48 © 2012 KPMG LLP, a Delaware limited liability partnership and the U.S. member firm of the KPMG network of independent member firms affiliated with KPMG International Cooperative (“KPMG International”), a Swiss entity. All rights reserved. How do I apply, and why do I need an ITIN? 48

49 © 2012 KPMG LLP, a Delaware limited liability partnership and the U.S. member firm of the KPMG network of independent member firms affiliated with KPMG International Cooperative (“KPMG International”), a Swiss entity. All rights reserved. Submitting your tax return to the federal/state tax authorities Although you may not have any income that is taxable in the US, you still have an obligation to file a tax return. States follow federal tax due dates. Type of US income Amount of US Source Income IRS Form Deadline *may change if 15th holiday or weekend day Extension Option Wage (Salary) only Less than $3,650Form 8843 onlyJune 15thYes Wage (Salary) Only $3,650 or more Form 1040NR & 8843, OR Form 1040 April 15th* (April 17, 2012)Yes Wages & taxable fellowship grant Amount Irrelevant Form 1040NR & 8843 OR Form 1040 April 15th* (April 17, 2012)Yes Taxable fellowship grant only Amount Irrelevant Form 1040NR & 8843 OR Form 1040 April 15th for Residents (April 17, 2012), June 15th for Non- Residents Yes 49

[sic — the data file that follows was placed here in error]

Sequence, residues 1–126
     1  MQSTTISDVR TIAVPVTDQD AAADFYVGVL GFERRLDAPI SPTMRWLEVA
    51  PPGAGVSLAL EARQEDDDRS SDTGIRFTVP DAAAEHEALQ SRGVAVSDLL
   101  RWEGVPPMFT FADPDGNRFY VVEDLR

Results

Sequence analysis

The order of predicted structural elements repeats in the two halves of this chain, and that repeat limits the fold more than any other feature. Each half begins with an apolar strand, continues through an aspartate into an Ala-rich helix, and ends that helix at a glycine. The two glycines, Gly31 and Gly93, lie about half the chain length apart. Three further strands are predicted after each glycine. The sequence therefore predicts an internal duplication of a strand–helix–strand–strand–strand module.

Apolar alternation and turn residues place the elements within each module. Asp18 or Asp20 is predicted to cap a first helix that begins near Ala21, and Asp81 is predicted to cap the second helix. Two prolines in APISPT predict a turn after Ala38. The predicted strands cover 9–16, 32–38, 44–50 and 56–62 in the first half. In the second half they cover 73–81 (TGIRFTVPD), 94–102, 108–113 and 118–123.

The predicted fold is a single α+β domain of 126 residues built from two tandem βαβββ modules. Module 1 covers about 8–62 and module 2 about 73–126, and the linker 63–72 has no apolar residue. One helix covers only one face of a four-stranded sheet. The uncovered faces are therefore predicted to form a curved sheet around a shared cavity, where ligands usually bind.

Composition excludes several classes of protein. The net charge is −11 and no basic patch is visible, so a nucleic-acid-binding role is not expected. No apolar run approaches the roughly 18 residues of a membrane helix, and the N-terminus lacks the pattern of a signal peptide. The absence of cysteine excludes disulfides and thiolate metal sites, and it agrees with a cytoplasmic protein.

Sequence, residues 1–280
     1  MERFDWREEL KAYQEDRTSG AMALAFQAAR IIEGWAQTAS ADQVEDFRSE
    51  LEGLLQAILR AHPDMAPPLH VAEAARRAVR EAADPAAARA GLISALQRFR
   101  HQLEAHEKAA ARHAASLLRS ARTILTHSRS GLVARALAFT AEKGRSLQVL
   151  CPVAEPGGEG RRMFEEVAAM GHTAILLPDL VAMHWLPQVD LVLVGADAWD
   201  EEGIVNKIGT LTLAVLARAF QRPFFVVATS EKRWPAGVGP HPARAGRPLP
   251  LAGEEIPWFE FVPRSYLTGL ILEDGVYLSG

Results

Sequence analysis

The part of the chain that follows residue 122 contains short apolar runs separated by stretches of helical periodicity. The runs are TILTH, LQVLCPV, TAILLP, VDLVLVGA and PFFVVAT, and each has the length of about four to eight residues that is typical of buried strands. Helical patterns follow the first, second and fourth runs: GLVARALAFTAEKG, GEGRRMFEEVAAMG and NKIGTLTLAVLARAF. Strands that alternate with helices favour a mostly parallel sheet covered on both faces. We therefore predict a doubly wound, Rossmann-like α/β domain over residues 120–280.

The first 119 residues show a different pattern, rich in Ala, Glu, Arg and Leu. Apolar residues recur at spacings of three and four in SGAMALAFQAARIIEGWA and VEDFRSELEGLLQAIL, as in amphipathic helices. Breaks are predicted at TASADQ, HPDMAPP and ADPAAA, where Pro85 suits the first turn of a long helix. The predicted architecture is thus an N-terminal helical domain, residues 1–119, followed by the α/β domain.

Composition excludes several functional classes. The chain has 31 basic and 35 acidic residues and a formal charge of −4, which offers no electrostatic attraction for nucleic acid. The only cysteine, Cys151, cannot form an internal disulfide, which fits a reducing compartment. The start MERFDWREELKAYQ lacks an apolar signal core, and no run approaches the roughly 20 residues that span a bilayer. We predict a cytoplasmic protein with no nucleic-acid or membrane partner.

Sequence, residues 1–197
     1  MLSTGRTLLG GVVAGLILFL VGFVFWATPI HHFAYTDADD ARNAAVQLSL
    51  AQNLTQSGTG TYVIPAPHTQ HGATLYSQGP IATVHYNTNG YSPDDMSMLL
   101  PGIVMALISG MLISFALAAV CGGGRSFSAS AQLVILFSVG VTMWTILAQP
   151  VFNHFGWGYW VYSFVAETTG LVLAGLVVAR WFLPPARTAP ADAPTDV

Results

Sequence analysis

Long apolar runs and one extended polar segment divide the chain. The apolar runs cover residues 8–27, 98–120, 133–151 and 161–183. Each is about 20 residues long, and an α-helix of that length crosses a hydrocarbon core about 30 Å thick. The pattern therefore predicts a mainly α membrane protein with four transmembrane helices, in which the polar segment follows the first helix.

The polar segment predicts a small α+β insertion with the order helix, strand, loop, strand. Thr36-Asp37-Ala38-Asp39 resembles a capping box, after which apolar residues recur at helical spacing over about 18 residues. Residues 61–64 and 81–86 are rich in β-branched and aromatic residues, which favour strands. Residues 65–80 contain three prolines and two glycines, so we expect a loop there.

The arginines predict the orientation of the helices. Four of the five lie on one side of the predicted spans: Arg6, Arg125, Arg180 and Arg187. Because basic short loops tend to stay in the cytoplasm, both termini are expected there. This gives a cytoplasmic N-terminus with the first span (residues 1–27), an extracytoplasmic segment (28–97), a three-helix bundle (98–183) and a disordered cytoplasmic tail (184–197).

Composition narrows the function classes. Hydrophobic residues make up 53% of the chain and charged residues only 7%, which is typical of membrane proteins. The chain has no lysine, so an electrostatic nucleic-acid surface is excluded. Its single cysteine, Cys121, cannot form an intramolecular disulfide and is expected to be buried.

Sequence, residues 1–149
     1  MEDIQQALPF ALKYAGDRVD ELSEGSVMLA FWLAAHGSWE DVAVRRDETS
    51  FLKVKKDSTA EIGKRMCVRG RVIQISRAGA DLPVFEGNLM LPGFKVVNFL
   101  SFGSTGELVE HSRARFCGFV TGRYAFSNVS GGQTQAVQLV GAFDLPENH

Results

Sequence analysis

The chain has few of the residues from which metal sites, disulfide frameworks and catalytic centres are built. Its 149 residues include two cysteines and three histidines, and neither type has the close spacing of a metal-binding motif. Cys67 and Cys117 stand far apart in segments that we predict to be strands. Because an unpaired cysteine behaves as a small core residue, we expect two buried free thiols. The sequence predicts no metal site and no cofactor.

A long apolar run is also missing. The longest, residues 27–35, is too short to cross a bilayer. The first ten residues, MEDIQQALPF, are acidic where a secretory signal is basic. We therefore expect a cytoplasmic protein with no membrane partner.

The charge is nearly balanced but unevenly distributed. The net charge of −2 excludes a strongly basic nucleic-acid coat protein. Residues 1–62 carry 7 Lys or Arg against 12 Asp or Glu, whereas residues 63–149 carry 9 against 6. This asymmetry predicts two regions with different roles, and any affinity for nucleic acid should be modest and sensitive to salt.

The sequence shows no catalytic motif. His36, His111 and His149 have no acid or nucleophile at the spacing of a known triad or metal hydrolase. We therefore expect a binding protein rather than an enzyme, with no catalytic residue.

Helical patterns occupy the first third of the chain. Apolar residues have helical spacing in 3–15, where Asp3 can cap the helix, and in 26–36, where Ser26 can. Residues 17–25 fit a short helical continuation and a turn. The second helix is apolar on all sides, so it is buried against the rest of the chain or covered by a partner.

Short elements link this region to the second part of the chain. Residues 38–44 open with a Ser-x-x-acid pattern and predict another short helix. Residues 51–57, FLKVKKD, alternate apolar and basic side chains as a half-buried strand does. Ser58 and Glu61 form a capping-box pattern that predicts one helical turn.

50 © 2012 KPMG LLP, a Delaware limited liability partnership and the U.S. member firm of the KPMG network of independent member firms affiliated with KPMG International Cooperative (“KPMG International”), a Swiss entity. All rights reserved. Submitting an extension to the federal/state tax authorities Form 4868 is an automatic extension to submit, not pay. Form 4868 for 2011 US Federal Tax Return, needs to be submitted by April 17, Form 4868 pertains to federal tax returns. Most states follow the federal extension. Some states require a separate extension application. State of Illinois does not have a separate extension form. 50